Nanjiani is a lively and engaged presence on Twitter (he has recently tweeted at Donald Trump, lauded Hitler’s spelling abilities, and engaged in a dialogue with Linda Holmes about the moral weight of The Hateful Eight), but he doesn’t see that world as distinct from our lived lives. In his view, “No one has changed their mind about something since, like, the mid-’90s.”

“No one has changed their mind about something since, like, the mid-’90s.”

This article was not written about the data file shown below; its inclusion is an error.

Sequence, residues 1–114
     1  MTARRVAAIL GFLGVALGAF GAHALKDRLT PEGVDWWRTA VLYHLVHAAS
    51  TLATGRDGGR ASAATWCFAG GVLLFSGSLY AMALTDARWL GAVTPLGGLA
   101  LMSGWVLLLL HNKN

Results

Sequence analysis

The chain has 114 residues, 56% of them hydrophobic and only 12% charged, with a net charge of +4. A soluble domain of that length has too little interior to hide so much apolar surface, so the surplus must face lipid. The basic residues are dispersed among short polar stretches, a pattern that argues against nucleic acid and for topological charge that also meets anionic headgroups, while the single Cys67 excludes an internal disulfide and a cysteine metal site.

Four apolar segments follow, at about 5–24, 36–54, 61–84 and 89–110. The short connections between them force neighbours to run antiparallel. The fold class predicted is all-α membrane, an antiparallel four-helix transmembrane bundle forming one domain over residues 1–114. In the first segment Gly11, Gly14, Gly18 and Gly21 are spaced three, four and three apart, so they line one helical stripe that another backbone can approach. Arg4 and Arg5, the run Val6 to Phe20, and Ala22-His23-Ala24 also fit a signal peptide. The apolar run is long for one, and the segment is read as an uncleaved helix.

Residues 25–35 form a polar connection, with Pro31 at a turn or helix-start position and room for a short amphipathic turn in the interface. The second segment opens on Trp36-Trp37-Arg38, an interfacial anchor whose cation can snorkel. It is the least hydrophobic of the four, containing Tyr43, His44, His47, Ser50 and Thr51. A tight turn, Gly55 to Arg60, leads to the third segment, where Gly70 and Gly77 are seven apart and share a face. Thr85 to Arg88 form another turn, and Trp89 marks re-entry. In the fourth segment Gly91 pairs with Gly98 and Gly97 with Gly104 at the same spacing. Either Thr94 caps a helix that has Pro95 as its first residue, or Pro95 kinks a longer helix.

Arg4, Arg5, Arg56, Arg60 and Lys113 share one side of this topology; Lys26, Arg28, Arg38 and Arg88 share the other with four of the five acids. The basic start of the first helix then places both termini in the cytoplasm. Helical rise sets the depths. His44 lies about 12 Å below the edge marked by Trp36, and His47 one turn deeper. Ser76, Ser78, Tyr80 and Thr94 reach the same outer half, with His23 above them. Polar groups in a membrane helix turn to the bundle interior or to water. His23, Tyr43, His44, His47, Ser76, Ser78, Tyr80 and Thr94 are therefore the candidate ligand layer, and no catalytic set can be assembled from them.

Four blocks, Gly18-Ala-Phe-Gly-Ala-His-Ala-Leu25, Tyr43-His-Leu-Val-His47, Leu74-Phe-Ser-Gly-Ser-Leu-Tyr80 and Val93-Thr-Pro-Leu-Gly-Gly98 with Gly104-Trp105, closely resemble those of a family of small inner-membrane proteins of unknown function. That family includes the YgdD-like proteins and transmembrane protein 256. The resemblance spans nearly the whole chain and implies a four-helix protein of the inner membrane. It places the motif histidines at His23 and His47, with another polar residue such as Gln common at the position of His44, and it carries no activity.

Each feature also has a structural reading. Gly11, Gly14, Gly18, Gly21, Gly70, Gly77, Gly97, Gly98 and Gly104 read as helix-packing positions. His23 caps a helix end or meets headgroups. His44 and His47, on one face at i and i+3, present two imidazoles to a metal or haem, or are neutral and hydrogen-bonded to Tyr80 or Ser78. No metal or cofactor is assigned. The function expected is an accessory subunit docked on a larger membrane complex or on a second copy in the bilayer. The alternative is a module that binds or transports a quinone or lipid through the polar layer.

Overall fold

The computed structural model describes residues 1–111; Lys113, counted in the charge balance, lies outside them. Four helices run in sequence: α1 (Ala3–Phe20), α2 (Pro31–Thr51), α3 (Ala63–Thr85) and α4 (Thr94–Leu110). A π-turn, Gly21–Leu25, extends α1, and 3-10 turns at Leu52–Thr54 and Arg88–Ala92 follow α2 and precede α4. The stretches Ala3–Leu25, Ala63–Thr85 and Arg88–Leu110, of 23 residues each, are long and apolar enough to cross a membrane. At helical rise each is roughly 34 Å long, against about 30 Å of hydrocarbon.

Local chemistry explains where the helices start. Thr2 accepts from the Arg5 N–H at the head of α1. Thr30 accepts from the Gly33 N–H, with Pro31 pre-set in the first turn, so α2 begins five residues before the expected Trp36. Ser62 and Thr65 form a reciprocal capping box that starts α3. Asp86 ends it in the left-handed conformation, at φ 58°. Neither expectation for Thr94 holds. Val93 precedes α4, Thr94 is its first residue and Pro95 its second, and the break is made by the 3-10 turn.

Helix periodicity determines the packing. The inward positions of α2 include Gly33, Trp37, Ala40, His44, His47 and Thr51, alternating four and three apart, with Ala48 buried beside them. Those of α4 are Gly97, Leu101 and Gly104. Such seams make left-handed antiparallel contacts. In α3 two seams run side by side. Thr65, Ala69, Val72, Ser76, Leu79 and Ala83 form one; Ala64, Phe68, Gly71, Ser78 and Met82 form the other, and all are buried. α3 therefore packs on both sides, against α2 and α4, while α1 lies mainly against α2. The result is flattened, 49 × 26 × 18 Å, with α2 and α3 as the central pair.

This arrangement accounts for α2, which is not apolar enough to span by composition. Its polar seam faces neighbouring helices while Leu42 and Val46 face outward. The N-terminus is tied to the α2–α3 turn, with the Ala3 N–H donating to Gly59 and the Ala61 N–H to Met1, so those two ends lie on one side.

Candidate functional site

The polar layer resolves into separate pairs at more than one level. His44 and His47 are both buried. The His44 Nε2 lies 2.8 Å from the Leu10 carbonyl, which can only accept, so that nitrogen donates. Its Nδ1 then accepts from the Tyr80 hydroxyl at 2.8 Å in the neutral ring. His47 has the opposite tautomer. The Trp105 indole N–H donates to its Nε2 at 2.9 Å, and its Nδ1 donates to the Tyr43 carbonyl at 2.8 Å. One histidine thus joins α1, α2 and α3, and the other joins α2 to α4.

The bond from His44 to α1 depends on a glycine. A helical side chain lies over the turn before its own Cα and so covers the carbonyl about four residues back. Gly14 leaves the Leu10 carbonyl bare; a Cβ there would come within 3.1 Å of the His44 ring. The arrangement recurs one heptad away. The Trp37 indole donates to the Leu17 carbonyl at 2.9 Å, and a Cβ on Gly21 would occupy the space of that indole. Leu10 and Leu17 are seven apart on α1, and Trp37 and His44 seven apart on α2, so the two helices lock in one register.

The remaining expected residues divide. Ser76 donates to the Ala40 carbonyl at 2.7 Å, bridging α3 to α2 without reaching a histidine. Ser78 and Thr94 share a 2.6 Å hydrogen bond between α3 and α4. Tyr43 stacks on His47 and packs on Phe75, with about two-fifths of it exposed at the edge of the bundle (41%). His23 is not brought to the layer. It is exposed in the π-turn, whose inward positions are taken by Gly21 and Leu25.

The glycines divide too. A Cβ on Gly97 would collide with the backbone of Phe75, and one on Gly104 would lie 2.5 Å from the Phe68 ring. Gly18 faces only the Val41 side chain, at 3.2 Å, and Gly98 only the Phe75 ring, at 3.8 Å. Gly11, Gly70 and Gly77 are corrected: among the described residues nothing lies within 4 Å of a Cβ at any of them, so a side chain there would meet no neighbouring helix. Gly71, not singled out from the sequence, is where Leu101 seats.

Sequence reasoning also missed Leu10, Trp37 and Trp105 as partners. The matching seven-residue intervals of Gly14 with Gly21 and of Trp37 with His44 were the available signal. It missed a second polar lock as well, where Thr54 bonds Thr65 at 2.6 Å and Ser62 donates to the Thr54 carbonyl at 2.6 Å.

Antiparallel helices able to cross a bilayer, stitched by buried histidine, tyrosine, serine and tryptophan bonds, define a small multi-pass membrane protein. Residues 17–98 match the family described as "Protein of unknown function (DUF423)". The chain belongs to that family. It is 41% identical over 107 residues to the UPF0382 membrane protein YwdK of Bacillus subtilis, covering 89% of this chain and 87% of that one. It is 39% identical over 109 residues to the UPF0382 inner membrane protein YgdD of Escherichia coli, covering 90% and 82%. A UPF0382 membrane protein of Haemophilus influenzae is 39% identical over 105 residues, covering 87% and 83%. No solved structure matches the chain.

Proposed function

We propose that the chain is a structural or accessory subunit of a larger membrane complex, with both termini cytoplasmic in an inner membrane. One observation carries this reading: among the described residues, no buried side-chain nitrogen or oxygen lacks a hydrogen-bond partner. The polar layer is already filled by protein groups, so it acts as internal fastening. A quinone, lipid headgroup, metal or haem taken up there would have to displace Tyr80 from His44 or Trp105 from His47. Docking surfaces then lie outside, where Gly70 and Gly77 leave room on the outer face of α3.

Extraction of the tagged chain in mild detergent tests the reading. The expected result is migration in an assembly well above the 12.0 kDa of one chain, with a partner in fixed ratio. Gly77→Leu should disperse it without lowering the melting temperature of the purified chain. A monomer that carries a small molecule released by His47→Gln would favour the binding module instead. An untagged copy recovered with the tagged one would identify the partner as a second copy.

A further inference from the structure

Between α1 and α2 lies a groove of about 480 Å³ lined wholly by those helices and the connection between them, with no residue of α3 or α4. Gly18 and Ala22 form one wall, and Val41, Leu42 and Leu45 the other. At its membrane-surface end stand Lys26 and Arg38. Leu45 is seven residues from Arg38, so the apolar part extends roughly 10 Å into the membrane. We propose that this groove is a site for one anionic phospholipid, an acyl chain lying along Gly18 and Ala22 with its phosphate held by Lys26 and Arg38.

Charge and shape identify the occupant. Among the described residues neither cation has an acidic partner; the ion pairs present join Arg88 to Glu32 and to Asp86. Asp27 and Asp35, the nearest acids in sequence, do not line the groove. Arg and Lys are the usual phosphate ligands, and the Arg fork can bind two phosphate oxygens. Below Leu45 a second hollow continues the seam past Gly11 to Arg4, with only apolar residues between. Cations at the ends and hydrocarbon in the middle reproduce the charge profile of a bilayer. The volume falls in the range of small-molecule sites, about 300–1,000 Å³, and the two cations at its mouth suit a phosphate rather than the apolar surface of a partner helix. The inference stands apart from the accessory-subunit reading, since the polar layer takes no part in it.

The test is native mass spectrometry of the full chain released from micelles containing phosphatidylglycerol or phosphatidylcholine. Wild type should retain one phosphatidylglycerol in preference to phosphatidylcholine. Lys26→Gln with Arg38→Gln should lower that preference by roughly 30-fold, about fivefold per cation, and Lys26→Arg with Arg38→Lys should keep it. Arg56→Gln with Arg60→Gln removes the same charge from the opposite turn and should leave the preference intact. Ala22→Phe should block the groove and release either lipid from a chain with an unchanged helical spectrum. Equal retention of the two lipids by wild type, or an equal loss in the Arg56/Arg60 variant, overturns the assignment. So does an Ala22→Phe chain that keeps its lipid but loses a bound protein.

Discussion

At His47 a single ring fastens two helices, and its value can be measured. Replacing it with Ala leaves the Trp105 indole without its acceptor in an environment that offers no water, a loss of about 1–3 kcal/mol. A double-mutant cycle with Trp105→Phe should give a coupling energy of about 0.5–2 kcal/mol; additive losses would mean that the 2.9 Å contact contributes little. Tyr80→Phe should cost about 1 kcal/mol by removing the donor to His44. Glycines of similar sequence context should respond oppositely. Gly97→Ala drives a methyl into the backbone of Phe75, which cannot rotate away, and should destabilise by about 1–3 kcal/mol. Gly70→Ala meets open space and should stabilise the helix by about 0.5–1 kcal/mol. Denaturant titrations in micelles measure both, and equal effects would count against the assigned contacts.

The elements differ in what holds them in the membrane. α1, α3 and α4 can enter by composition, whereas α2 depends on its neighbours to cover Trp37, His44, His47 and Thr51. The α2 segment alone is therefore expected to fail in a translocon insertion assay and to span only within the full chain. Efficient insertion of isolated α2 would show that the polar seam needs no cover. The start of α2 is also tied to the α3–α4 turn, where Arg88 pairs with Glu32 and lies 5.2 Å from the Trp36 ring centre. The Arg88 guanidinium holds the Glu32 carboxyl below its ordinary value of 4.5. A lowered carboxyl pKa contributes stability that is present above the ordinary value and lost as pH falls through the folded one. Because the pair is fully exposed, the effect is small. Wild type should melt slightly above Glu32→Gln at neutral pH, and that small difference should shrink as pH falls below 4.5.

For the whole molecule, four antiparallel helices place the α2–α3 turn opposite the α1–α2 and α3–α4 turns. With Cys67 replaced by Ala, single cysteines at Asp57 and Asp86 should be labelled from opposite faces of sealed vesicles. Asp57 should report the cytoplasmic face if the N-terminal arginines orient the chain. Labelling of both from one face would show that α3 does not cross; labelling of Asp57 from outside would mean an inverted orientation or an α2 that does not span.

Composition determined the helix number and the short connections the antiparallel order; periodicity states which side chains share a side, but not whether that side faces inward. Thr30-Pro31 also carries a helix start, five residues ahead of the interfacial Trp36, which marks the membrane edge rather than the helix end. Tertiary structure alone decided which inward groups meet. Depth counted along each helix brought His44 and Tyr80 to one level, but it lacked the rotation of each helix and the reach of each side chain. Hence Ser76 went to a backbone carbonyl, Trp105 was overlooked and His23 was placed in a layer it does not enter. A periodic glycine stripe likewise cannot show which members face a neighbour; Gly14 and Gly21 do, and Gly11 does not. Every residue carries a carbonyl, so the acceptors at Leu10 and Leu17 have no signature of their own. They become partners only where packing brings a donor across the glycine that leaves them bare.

But this is still a guy who wants to make his nut, entertainment-wise. No matter what the medium, he has his recent favorites. Book-wise, he’s loved Paula Hawkins’s The Girl on the Train and PCHH regular Glen Weldon’s forthcoming “definitive history of Batman;” video game–wise, he’s into Rise of the Tomb Raider, NBA 2K16, and SOMA; and movie-wise, he’s all about Broadcast News (which fans of Silicon Valley might also very much appreciate) and Dog Day Afternoon. If he were to begin a new podcast project, it would be a series about the classic films that he has not yet seen (beginning, tragically, with The Deer Hunter).